Still driven to demonstrate my value in medical world.

I realize: They too may struggle with insecurity, ego, mistakes.

So I share what happened, apologize. They forgive; maybe learn, too.

Gerald W. Greenfield, PhD

I was moved to write this story by the satisfaction I felt in turning the lemons of a personal/professional mistake into the lemonade of apology, candid sharing, and the hope that the interns ended up learning from our shared experience.

A Duck Among Geese

A gaggle of geese fill the yard,

Chattering together

and I, the only duck.

They honk, I quack

and somehow we understand.

We learn from each other.

We share the same goals.

I think I’m going to like this yard.

It’s good to be a duck among geese.


Last year I was a fish.

Christine B. Bogar, PhD, LPC

As a new behavioral medicine faculty member after a long career as a mental health counselor, I felt as though I landed on another planet. As I pondered my experience, what flowed from my pen helped me laugh about my new journey and affirm that I had indeed made some progress. But the best result of all occurred when my fellow “ducks” laughed along with me because they too had “waddled” along similar paths.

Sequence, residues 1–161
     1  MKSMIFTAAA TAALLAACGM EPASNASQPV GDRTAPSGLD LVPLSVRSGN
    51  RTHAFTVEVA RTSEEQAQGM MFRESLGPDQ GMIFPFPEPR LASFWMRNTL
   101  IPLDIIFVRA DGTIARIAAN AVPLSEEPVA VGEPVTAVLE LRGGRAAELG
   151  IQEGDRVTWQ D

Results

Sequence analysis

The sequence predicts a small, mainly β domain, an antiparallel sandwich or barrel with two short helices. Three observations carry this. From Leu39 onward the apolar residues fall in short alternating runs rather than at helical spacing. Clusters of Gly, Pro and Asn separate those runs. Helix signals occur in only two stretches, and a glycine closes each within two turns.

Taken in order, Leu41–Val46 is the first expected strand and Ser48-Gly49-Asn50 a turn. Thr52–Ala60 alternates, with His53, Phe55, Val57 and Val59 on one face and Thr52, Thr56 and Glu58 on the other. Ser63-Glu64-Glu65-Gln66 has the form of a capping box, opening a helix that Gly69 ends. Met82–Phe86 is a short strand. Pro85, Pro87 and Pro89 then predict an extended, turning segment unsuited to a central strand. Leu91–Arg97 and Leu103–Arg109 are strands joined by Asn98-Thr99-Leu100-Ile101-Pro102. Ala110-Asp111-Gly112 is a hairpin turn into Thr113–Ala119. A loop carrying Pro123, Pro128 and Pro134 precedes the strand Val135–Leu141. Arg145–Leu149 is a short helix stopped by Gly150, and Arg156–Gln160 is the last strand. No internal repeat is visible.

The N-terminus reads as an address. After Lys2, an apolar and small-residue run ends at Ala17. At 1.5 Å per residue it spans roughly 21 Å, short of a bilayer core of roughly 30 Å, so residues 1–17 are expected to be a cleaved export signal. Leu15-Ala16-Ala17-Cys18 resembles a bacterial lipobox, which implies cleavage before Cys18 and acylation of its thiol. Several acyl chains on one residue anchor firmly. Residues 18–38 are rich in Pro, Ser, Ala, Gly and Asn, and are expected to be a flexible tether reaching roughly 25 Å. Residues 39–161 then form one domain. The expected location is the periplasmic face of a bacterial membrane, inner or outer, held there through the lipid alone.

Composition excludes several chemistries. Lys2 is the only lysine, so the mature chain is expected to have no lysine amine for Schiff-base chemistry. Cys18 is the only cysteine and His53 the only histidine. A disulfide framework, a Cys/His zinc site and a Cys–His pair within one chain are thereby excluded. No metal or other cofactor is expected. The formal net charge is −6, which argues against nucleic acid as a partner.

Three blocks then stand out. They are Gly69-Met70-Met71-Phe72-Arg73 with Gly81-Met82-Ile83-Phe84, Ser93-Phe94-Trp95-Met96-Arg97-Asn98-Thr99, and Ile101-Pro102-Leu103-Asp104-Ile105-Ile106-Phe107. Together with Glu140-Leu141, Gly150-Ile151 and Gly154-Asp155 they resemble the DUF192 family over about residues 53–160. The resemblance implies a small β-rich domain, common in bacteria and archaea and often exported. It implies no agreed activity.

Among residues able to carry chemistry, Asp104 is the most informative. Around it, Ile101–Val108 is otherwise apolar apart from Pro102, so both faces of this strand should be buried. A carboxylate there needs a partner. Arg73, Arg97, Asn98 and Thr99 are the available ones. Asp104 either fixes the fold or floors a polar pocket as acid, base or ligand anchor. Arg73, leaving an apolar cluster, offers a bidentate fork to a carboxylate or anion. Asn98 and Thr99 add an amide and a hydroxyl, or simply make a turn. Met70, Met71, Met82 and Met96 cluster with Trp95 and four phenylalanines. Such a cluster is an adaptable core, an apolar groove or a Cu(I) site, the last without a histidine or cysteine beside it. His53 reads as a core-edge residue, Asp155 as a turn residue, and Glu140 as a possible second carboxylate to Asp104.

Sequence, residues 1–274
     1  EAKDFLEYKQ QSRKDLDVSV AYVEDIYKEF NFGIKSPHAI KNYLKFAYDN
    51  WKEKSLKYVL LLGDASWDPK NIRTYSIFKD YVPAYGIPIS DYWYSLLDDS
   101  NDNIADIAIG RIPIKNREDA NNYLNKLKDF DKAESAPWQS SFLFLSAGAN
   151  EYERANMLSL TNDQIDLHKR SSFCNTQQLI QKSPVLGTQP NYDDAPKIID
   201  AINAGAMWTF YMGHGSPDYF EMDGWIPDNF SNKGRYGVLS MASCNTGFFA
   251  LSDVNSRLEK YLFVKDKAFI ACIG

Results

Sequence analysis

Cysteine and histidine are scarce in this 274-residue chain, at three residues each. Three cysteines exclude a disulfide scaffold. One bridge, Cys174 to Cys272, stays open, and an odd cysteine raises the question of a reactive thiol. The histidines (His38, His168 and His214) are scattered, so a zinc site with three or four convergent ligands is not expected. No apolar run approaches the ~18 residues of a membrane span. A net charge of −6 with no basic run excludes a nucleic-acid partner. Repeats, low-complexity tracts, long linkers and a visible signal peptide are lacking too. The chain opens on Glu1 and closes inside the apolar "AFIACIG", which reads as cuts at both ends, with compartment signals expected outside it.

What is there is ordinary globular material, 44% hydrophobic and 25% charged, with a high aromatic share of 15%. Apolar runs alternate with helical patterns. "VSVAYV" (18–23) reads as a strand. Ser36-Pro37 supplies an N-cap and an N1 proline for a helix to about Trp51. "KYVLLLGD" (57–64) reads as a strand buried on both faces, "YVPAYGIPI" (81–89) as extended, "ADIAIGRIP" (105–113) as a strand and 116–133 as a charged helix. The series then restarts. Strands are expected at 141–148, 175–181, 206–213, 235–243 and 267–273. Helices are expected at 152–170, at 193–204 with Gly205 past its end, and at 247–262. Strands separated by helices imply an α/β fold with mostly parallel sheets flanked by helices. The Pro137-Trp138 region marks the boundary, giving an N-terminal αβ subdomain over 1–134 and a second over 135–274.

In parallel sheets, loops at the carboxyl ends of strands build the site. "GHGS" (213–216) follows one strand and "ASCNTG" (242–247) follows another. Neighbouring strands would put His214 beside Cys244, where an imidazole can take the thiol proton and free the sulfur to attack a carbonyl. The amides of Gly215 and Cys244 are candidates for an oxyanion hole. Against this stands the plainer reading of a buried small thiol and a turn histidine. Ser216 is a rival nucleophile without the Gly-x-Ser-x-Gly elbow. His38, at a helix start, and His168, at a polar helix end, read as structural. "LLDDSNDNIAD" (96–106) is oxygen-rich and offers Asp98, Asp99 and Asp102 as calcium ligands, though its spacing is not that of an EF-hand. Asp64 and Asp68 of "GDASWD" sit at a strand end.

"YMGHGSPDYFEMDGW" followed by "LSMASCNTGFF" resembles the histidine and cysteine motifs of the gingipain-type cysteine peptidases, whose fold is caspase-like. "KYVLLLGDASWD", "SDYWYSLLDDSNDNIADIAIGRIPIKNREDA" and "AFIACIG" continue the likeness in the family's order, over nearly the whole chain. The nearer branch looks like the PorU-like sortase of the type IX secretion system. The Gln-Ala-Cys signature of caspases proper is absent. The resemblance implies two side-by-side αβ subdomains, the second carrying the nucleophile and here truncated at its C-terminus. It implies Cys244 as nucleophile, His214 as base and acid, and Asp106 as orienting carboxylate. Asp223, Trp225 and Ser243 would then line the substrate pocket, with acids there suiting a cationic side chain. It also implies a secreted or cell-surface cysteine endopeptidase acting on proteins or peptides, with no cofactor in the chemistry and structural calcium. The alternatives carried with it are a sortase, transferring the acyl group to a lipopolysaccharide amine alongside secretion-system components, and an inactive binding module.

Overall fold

Corresponding Author: Address correspondence to Dr Fogarty, University of Rochester, Department of Family Medicine, 777 South Clinton Avenue, Rochester, NY 14620. 585-279-4749.



From the Department of Family Medicine, University of Rochester (Dr Fogarty); Department of Family Medicine, University of South Alabama (Dr Bogar); Department of Family Medicine, Swedish Medical Center (Dr Costello); Department of Family Medicine, Mercy Health System (Dr Greenfield); and Forbes Family Medicine Residency Program, West Penn Allegheny Health System (Dr Neely).

  1. Scheetz A, Fry ME. A piece of my mind. The stories. JAMA 2000;283(15):1934.
  2. Merenstein JH, Wolfe S, Saurelsen S, et al. 55-word stories and the care of the underserved. Fam Med 2007;39(3):169-70.
  3. Grant WD. Life in 55 words: Part I. Fam Med 2008;40(4):241-4.
  4. Fogarty CT. Fifty-five word stories: “small jewels” for personal reflection and teaching. Fam Med 2010;42(6):400-2.
  5. Fogarty CT. Fifty-five words can capture a significant moment. Rochester Medicine 2010;Winter.